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Green Power Partnership

Green Power Partnership Program Updates Issue 64

Issue 64, April 2019

2018-19 College and University Green Power Challenge Winners Announced

Now in its 13th year, the EPA's 2018-19 College and University Green Power Challenge has again been a success, encouraging institutions across the country to use green power. On April 22, EPA announced the winners of the 2018-19 Challenge—out of the 35 competing conferences, the Big Ten is again this year's Collective Conference Champion, using nearly 516 million kilowatt-hours (kWh) of green power annually. Participating schools from the Big Ten Conference include conference winner the University of Maryland, as well as Northwestern University, The Ohio State University, the University of Wisconsin, the University of Minnesota, the University of Illinois at Urbana-Champaign, Michigan State University, and the University of Iowa (listed in order by green power procurement size). The Big Ten collectively increased its green power use over last year's total by nearly 20 million kWh.

This year's individual school using the largest amount of green power—coming in at more than 224 million kWh—is the University at Buffalo, the State University of New York. Joining the University of Maryland (noted above) and University at Buffalo as individual conference champions are Stanford University (Pac-12), University of Tennessee, Knoxville (Southeastern Conference), and the University of Oklahoma (Big 12 Conference).

Learn more about the 2018-19 College and University Green Power Challenge Conference Champions, including all the Individual Conference Champions for each of the competing conferences.

On social media? If you choose, you can tweet this fact: The 109 schools in @EPA's #EPAGreenPower 2018-19 College & University Challenge used nearly 3.6 billion kWh green power this year, which is equivalent to more than 333,000 homes' electricity use for one year!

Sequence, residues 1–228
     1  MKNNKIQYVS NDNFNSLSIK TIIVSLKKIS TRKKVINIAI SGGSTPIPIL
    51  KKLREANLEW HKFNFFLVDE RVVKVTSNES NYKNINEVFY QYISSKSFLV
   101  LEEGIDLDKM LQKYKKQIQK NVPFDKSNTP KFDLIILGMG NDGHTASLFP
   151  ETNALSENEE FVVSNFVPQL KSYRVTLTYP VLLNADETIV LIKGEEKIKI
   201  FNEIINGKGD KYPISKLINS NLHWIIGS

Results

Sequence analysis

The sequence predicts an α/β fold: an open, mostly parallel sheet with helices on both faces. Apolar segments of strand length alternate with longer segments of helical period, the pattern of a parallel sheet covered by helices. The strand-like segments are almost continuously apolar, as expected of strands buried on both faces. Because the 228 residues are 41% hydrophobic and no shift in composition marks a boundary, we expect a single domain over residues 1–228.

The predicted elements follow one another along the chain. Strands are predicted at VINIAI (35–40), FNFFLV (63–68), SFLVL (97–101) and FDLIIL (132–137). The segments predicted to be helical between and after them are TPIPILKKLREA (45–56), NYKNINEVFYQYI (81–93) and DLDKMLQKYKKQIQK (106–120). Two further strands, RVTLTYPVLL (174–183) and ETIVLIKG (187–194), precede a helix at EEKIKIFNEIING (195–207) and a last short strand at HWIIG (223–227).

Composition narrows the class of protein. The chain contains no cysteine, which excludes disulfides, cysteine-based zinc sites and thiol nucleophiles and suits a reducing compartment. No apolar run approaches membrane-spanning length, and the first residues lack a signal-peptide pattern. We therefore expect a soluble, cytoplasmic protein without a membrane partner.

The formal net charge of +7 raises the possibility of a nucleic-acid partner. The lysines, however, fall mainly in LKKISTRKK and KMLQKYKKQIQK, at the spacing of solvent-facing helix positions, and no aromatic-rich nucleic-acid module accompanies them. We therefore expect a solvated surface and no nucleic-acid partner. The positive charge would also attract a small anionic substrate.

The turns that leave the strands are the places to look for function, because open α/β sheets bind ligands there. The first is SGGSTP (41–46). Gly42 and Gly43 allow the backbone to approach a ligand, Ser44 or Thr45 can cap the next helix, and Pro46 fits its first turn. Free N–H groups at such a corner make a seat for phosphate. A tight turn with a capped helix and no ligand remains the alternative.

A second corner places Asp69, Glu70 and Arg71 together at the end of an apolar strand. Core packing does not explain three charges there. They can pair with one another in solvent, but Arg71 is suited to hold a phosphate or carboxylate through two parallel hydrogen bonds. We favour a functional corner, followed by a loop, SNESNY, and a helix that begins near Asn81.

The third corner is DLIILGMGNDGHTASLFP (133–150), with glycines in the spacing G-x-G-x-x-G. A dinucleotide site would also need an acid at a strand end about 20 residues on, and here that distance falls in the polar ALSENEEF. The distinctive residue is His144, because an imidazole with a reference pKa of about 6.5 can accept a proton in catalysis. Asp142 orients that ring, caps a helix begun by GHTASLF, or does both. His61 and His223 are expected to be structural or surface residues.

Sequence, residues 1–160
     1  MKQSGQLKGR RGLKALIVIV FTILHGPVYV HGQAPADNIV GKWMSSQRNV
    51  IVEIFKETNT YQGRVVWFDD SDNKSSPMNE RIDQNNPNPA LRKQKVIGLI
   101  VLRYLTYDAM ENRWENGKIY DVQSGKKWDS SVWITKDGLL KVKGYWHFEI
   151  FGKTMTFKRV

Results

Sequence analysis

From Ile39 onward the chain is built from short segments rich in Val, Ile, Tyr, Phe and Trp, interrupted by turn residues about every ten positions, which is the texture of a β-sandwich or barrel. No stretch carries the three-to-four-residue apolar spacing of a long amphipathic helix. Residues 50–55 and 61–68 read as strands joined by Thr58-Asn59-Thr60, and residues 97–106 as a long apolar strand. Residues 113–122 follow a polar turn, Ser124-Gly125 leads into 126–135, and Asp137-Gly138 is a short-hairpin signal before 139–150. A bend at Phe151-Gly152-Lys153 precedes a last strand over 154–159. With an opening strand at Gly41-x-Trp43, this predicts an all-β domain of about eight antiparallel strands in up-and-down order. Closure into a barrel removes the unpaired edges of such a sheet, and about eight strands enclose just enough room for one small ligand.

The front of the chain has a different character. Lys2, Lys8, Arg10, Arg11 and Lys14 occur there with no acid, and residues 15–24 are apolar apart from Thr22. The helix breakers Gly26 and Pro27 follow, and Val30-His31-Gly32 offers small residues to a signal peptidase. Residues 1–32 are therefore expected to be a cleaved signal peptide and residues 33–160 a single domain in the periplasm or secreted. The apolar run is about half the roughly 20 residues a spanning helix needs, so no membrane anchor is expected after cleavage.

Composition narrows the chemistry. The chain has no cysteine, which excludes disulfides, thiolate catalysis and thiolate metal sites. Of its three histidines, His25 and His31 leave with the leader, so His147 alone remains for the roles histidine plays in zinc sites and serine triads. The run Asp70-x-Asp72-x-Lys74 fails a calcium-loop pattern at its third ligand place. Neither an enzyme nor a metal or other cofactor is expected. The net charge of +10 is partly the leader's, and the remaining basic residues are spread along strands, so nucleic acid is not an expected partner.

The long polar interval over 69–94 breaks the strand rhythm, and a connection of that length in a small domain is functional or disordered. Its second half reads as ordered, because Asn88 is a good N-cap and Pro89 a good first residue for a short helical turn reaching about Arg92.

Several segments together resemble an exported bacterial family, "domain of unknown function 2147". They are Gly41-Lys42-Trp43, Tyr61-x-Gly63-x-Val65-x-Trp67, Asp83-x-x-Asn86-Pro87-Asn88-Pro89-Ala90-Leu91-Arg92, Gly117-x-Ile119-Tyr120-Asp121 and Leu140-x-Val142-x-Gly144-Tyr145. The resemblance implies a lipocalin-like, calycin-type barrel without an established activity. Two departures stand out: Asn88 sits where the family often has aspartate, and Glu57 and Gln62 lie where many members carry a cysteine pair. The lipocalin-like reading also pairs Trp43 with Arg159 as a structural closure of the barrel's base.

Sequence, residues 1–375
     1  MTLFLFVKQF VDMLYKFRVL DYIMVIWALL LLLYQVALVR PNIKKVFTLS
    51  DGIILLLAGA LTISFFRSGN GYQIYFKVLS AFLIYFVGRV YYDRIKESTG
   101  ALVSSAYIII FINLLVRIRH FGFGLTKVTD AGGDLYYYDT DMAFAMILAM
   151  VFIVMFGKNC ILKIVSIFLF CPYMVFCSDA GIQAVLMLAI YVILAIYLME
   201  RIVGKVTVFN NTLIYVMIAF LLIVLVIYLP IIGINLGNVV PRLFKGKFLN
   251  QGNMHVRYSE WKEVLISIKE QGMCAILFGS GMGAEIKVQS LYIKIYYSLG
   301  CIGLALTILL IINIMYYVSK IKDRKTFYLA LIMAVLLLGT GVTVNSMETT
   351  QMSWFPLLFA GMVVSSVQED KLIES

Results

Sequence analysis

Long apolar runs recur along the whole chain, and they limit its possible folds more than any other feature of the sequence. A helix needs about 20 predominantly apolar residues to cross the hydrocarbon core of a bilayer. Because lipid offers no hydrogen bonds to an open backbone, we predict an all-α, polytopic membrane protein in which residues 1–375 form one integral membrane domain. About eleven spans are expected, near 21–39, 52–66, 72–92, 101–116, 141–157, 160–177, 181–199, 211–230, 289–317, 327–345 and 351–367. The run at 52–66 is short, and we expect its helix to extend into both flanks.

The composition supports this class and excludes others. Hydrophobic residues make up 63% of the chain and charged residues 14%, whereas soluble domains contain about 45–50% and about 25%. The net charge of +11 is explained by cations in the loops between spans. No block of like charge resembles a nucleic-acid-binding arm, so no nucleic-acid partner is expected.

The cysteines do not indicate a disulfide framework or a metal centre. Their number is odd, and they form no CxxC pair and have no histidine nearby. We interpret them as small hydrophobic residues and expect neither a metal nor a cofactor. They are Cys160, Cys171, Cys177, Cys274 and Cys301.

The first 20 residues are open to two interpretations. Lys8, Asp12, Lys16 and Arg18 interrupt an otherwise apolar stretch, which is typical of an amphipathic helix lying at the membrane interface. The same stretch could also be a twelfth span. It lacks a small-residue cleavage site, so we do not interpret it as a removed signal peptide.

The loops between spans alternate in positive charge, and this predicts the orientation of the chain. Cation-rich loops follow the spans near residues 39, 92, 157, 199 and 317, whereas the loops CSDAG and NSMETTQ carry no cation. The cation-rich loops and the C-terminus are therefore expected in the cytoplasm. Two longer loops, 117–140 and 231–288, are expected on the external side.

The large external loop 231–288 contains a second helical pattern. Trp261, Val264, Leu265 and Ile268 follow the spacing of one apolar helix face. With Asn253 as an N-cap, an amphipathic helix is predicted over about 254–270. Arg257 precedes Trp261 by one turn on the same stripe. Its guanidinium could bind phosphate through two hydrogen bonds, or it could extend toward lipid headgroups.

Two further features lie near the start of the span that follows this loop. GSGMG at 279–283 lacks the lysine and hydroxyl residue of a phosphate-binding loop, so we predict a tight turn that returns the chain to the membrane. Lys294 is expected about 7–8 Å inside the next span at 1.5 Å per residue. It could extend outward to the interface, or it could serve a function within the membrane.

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Top Partner Rankings & Green Power Communities List Updated April 22

On April 22, GPP released updates to its Top Partner Rankings, which feature Partner organizations leading the way with their use of green power.

With this update, Google has taken the number one spot on the National Top 100 for the first time with its green power use of more than 5.9 billion kilowatt-hours (kWh). Two other Partners in the top five—Microsoft and Equinix—also increased their overall green power use. New to the Top 100 list this quarter are General Motors, LLC and WaferTech, LLC. In total, the Partners featured on the Top 100 list use more than 53 billion kWh of green power. To produce an equivalent amount of power would require nearly 47,000 football fields of solar panels for one year.

Ulta Inc. and LUSH Handmade Cosmetics appear on the Top 30 Retail list for the first time at numbers 19 and 20, respectively. The City of Irving, Texas joins the Top 30 Local Governments list and the Takoma Park, Maryland Community appears on the Green Power Communities list for the first time.